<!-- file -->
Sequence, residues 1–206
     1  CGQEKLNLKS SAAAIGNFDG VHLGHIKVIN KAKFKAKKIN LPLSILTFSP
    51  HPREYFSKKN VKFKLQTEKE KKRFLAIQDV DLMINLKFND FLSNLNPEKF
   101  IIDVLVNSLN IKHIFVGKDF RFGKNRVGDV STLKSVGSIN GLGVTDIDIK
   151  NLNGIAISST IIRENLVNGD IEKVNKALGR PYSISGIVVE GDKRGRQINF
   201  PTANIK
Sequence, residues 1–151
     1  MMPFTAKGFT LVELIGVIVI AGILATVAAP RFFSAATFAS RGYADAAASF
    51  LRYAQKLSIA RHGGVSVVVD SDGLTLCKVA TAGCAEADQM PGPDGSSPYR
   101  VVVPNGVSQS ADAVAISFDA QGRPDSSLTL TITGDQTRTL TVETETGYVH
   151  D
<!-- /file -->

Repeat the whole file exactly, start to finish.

Sequence, residues 1–206
     1  CGQEKLNLKS SAAAIGNFDG VHLGHIKVIN KAKFKAKKIN LPLSILTFSP
    51  HPREYFSKKN VKFKLQTEKE KKRFLAIQDV DLMINLKFND FLSNLNPEKF
   101  IIDVLVNSLN IKHIFVGKDF RFGKNRVGDV STLKSVGSIN GLGVTDIDIK
   151  NLNGIAISST IIRENLVNGD IEKVNKALGR PYSISGIVVE GDKRGRQINF
   201  PTANIK
Sequence, residues 1–151
     1  MMPFTAKGFT LVELIGVIVI AGILATVAAP RFFSAATFAS RGYADAAASF
    51  LRYAQKLSIA RHGGVSVVVD SDGLTLCKVA TAGCAEADQM PGPDGSSPYR
   101  VVVPNGVSQS ADAVAISFDA QGRPDSSLTL TITGDQTRTL TVETETGYVH
   151  D